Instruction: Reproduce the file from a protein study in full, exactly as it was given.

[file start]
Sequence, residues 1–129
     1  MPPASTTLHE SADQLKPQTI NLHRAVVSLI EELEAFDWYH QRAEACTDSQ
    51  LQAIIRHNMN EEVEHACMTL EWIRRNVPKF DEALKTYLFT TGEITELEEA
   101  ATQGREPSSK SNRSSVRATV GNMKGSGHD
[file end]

Sequence, residues 1–129
     1  MPPASTTLHE SADQLKPQTI NLHRAVVSLI EELEAFDWYH QRAEACTDSQ
    51  LQAIIRHNMN EEVEHACMTL EWIRRNVPKF DEALKTYLFT TGEITELEEA
   101  ATQGREPSSK SNRSSVRATV GNMKGSGHD